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4.2 Writing Robust Programs

Avoid arbitrary limits on the length or number of any data structure, including file names, lines, files, and symbols, by allocating all data structures dynamically. In most Unix utilities, “long lines are silently truncated”. This is not acceptable in a GNU utility.

Utilities reading files should not drop NUL characters, or any other nonprinting characters including those with codes above 0177. The only sensible exceptions would be utilities specifically intended for interface to certain types of terminals or printers that can’t handle those characters. Whenever possible, try to make programs work properly with sequences of bytes that represent multibyte characters; UTF-8 is the most important.

Check every system call for an error return, unless you know you wish to ignore errors. Include the system error text (from perror, strerror, or equivalent) in every error message resulting from a failing system call, as well as the name of the file if any and the name of the utility. Just “cannot open foo.c” or “stat failed” is not sufficient.

Check every call to malloc or realloc to see if it returned zero. Check realloc even if you are making the block smaller; in a system that rounds block sizes to a power of 2, realloc may get a different block if you ask for less space.

In Unix, realloc can destroy the storage block if it returns zero. GNU realloc does not have this bug: if it fails, the original block is unchanged. Feel free to assume the bug is fixed. If you wish to run your program on Unix, and wish to avoid lossage in this case, you can use the GNU malloc.

You must expect free to alter the contents of the block that was freed. Anything you want to fetch from the block, you must fetch before calling free.

If malloc fails in a noninteractive program, make that a fatal error. In an interactive program (one that reads commands from the user), it is better to abort the command and return to the command reader loop. This allows the user to kill other processes to free up virtual memory, and then try the command again.

Use getopt_long to decode arguments, unless the argument syntax makes this unreasonable.

When static storage is to be written in during program execution, use explicit C code to initialize it. Reserve C initialized declarations for data that will not be changed.

Try to avoid low-level interfaces to obscure Unix data structures (such as file directories, utmp, or the layout of kernel memory), since these are less likely to work compatibly. If you need to find all the files in a directory, use readdir or some other high-level interface. These are supported compatibly by GNU.

The preferred signal handling facilities are the BSD variant of signal, and the POSIX sigaction function; the alternative USG signal interface is an inferior design.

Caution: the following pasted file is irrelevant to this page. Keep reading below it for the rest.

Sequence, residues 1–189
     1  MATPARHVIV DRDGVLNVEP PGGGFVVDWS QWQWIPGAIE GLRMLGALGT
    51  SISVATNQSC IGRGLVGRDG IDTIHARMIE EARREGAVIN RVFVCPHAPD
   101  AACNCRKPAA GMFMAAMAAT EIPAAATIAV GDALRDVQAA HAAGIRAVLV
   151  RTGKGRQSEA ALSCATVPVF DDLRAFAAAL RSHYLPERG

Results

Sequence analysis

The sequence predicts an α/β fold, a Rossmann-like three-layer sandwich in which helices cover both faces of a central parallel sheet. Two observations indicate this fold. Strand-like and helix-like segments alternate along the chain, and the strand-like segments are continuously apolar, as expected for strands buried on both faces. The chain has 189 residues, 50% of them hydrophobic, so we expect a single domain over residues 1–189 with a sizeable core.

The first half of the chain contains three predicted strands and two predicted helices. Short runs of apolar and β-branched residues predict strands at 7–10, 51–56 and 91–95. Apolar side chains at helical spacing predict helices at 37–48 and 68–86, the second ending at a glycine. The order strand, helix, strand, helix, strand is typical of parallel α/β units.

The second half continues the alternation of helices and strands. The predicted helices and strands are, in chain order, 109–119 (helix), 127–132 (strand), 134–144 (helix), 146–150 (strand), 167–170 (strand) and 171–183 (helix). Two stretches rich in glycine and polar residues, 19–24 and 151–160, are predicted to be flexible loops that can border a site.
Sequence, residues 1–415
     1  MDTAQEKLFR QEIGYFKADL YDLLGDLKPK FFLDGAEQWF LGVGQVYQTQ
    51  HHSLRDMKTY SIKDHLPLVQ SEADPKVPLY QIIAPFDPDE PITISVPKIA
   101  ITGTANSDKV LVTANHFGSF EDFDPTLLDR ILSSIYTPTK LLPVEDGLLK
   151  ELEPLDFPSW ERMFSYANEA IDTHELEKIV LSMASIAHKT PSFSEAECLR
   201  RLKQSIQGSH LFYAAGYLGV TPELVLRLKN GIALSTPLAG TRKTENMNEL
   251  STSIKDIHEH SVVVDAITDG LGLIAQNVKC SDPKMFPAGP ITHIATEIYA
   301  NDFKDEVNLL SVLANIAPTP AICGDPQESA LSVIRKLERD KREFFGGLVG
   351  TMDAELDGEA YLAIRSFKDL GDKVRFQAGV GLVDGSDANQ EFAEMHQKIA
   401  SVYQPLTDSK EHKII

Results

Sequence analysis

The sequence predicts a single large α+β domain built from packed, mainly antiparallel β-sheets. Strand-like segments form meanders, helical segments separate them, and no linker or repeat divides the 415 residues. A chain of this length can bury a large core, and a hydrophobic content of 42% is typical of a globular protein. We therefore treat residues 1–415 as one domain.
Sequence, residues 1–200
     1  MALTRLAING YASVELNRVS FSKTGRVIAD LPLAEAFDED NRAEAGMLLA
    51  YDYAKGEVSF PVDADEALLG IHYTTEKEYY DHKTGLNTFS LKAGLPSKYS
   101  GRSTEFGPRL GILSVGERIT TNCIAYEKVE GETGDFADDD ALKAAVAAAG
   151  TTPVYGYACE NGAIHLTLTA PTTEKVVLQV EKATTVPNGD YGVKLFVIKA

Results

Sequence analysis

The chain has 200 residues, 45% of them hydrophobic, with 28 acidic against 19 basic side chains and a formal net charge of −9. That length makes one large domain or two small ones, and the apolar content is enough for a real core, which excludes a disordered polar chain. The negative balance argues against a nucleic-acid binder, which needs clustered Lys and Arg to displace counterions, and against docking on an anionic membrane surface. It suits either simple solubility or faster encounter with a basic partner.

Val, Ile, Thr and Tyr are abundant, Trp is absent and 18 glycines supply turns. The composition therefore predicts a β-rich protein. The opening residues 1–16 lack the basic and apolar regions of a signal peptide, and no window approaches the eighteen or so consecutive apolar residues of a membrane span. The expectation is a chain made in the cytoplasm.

Nowadays, using the POSIX signal functions may be the easiest way to make a program portable. If you use signal, then on GNU/Linux systems running GNU libc version 1, you should include bsd/signal.h instead of signal.h, so as to get BSD behavior. It is up to you whether to support systems where signal has only the USG behavior, or give up on them.

In error checks that detect “impossible” conditions, just abort. There is usually no point in printing any message. These checks indicate the existence of bugs. Whoever wants to fix the bugs will have to read the source code and run a debugger. So explain the problem with comments in the source. The relevant data will be in variables, which are easy to examine with the debugger, so there is no point moving them elsewhere.

Do not use a count of errors as the exit status for a program. That does not work, because exit status values are limited to 8 bits (0 through 255). A single run of the program might have 256 errors; if you try to return 256 as the exit status, the parent process will see 0 as the status, and it will appear that the program succeeded.

If you make temporary files, check the TMPDIR environment variable; if that variable is defined, use the specified directory instead of /tmp.

In addition, be aware that there is a possible security problem when creating temporary files in world-writable directories. In C, you can avoid this problem by creating temporary files in this manner:

fd = open (filename, O_WRONLY | O_CREAT | O_EXCL, 0600);

or by using the mkstemps function from Gnulib (see mkstemps in Gnulib).

In bash, use set -C (long name noclobber) to avoid this problem. In addition, the mktemp utility is a more general solution for creating temporary files from shell scripts (see mktemp invocation in GNU Coreutils).

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